1. We are currently operating a “closed waiting room” policy to protect our clients and staff. Please bring a cell phone to your appointment. If you don't have a cell phone, please let us know and we will email you a history form to fill out prior to your appointment. When you arrive, please remain in your vehicle and use your cell phone to call us at 250.374.1485. Be prepared to wait in your vehicle until our exam room is ready for your visit. Our team will arrange to meet you at the front door or at your vehicle. Please transfer your pet without any accoutrements (no clothing, toys, or other accessories). All cats must come in carriers. The doctor will call you on your cell phone to discuss the treatment plan.

2. We can now see all cases by appointment only.

3. We are still OPEN with the following hours:
Monday to Saturday: 8:00 am - 5:00 pm.
With recent operation changes, we have decided to close for lunch daily between 12:00 pm - 1:30 pm. This closure ensures our staff gets a much-needed break and a chance to reorganize orders and catch up. Thank you for your understanding!

4. If you are ordering food or medications, please allow 2-4 business days as our suppliers are dealing with increased demand and are trying to fill orders as quickly as possible. We will advise you as soon as your order arrives. Please call us when you arrive to pick up your order, but do not enter the hospital. Our staff will bring your order to your car and take payment over the phone. You can also use our online store and have your food delivered directly to your home. To sign up for the Online Store, visit our website.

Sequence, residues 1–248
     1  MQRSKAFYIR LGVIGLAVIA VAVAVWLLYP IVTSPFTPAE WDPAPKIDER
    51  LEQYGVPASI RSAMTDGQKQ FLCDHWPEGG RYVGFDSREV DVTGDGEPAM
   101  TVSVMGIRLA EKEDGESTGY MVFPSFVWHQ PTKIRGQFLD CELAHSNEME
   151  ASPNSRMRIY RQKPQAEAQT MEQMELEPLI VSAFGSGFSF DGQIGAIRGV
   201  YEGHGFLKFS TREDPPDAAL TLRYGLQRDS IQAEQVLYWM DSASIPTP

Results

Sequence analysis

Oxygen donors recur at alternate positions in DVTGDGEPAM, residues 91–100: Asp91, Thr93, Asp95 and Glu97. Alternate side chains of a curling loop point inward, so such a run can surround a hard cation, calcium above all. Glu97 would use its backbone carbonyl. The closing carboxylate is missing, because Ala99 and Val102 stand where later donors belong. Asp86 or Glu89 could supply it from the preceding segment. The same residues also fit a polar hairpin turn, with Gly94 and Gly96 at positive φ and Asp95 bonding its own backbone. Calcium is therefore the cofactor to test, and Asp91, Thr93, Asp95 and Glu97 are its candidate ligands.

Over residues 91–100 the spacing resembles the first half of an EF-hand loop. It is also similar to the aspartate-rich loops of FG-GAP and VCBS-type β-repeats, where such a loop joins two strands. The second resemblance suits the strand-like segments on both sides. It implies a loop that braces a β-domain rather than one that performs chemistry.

5. For the time being, we are not accepting cash as payment. Credit cards and debit card payments are still available. Following the recommendations of our government and medical experts, we are doing our best to practice social distancing within the constraints of our roles. As such, we have taken measures to avoid both contracting and facilitating the spread of this virus.

Thank you for helping us be diligent for everyone's safety. As we have heard from all levels of government, the situation is fluid and any updates will be provided as changes occur.

- Your dedicated team at Kamloops Veterinary Clinic